A tiny village of just over 300 inhabitants, Godbout is located in the Côte-Nord (North Shore) region between Baie-Comeau and Baie-Trinité. This municipality is best known for its ferry that connects it to Matane. But Godbout is also a village where whales are observed year-round.

On the afternoon of February 10, one observer noted two giant spouts rising between the waves. Despite the strong winds and the white wave crests, he manages to get a snapshot of two large rorquals. However, with just photos to go by, it’s difficult to confirm whether they are fin or blue whales. Subtle shades may vary depending on the brightness and the photo equipment. Yet the observer thinks he saw blue whales.

On February 12, another observer also photographed two individuals quite close to shore… an incredible stroke of luck! One can see the open mouth and a short pectoral fin sticking straight up in the air. Once again, it’s difficult to confirm whether it’s a fin whale or a blue whale based on the photos. These two species, the two longest members of the rorqual family, have a similar body shape and employ similar feeding techniques. It takes very clear and crisp photos to confirm the species with certainty.

But let’s go back to this fantastic sighting of two whales near the snowy coast. When we see the pectoral fins emerge from the waves, we say the individual is “lunge feeding”. The animal turns onto its side, accelerates and opens its mouth while water gushes in and causes its ventral pouch to expand. Then, it closes its jaw and expels the water through its baleen. The whale’s prey is then pushed back toward the throat by the tongue and swallowed. Blue whales sometimes turn completely over themselves when feeding. Such pirouettes are believed to help anticipate the trajectory of the krill in order for the animal to open its mouth at the most effective angle and take the biggest gulp.

What’s happening elsewhere?

The observations compiled in this chronicle provide merely a glimpse of the presence of marine mammals in the St. Lawrence. Sometimes you need to turn your eyes to the horizon at just the right moment to notice the elusive passage of a wild animal, a seal head coming to the surface to breathe or a whale on the move in search of a school of fish.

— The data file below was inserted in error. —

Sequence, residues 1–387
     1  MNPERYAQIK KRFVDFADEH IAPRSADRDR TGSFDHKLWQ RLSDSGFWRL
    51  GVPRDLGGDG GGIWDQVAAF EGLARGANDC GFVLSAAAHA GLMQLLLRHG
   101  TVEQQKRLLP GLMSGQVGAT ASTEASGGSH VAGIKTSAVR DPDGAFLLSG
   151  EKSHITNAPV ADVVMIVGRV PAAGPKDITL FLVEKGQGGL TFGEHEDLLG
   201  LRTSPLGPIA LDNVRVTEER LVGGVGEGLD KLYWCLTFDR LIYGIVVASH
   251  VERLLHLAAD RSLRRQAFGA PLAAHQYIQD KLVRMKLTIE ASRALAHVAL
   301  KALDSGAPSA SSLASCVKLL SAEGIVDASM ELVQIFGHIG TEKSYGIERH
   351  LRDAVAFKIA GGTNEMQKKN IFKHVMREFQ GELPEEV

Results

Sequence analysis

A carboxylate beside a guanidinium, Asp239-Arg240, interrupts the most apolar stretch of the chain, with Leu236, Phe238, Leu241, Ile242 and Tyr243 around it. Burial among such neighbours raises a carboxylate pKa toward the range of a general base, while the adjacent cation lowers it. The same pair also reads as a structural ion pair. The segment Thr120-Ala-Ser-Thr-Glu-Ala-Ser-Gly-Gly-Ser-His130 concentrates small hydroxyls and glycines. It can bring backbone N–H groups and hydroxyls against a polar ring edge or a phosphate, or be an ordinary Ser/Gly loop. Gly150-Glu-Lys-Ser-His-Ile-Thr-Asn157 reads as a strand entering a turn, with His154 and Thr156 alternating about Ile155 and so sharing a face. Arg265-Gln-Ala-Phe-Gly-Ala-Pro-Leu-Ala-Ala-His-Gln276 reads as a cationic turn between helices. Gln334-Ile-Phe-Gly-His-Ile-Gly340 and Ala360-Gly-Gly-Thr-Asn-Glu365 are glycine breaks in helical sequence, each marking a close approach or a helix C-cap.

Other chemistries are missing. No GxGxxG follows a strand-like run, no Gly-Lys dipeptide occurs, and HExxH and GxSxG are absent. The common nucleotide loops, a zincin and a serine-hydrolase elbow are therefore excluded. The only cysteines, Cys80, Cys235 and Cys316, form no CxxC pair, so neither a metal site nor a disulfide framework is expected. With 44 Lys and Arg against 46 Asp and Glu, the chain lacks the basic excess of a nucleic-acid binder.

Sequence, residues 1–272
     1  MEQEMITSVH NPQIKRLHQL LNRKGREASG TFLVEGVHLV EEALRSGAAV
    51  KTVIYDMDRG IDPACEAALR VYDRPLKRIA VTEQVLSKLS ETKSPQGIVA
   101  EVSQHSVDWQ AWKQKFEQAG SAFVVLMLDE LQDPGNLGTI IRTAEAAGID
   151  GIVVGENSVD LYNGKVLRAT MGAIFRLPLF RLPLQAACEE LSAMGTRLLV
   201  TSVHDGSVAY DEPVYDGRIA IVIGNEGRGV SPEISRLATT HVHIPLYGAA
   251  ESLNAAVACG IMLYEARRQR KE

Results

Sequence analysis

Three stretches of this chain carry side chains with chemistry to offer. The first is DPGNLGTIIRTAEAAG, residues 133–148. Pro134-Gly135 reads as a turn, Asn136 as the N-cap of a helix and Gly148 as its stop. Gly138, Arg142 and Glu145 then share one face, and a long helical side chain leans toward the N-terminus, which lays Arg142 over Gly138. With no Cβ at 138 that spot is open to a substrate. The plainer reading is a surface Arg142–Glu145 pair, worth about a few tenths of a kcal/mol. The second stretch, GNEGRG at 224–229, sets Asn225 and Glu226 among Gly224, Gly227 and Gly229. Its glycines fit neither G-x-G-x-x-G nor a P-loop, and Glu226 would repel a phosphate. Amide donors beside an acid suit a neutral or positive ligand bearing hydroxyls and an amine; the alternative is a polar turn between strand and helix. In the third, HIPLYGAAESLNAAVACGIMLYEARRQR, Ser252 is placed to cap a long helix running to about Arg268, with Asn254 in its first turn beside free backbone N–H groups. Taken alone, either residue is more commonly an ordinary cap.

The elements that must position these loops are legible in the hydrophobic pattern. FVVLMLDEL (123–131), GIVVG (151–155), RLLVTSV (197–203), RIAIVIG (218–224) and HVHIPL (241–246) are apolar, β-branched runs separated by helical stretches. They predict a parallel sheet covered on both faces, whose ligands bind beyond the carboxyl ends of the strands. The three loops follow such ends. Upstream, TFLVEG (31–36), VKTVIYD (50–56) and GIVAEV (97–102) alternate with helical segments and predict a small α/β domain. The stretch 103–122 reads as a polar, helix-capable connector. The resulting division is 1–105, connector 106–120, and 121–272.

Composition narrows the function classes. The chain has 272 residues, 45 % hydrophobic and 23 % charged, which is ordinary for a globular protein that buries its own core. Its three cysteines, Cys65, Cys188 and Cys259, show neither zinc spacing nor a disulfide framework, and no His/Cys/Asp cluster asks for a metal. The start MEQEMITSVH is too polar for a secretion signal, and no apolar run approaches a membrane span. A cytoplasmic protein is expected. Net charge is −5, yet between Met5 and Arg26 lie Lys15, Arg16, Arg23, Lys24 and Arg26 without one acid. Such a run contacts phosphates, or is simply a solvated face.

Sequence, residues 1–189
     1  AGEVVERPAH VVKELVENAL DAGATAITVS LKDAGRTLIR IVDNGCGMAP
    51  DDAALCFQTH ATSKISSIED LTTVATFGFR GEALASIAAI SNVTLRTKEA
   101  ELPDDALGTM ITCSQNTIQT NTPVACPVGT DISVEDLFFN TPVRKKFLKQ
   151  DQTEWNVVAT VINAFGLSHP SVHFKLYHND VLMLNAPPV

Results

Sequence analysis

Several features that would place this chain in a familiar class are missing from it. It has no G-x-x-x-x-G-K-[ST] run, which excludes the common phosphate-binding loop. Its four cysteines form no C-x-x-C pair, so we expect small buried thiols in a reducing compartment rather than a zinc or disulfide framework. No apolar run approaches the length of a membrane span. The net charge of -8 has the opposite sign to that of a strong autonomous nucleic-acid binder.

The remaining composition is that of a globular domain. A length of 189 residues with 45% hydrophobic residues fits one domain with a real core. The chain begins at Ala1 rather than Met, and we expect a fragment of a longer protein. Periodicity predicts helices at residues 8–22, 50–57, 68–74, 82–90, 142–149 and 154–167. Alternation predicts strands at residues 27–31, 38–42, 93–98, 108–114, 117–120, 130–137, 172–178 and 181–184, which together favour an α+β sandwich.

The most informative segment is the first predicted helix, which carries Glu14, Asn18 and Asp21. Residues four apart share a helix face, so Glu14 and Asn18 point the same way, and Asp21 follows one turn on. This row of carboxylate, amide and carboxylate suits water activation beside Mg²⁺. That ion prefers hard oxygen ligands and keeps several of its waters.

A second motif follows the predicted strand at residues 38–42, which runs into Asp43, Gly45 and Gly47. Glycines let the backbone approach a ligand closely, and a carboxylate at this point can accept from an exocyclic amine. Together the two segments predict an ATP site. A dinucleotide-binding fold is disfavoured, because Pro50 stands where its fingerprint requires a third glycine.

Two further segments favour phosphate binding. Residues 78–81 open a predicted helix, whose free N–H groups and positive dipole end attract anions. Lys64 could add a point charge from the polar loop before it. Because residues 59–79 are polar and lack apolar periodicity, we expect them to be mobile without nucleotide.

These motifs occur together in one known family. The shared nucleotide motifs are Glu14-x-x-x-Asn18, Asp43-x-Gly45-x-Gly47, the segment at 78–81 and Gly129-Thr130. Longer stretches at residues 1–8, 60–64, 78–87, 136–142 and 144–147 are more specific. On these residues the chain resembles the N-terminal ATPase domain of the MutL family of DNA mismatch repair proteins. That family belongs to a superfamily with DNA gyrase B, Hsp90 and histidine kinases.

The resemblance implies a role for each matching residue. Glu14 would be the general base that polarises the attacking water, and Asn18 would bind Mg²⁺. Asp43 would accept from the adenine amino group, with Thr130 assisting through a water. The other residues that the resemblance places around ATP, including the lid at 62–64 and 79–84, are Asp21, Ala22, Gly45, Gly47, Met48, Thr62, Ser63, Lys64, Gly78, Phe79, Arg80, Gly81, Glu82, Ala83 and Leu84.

In Port-Cartier, a raft of hundreds of common eiders forms a brownish patch on the water. Common eiders measure between 58 and 68 cm. When flocked together, females sometimes emit guttural sounds that resemble a low nasal growl.

An observer from Sainte-Flavieattends the waltz of the ice floes drifting with the tides. “Between two and thirty kilometres of ice hit the shore and head back out to the open sea,” he explains. In Tourelle, not far from Sainte-Anne-des-Monts, it’s white as far as the eye can see. On the other side of the river, in Tadoussac, observers are treated to nothing more than a ballet of ice. But those who manage to lift their heads at the right time can catch sight of the long gliding flight of a bald eagle.

Observation of the Week - 15/2/2019

Marie-Ève Muller

Marie-Ève Muller is responsible for GREMM's communications and spokeperson for the Quebec Marine Mammal Emergencies Response Network (QMMERN). As Editor-in-Chief for Whales Online, she devours research and has an insatiable thirst for the stories of scientists and observers. Drawing from her background in literature and journalism, Marie-Ève strives to put the fragile reality of cetaceans into words and images.

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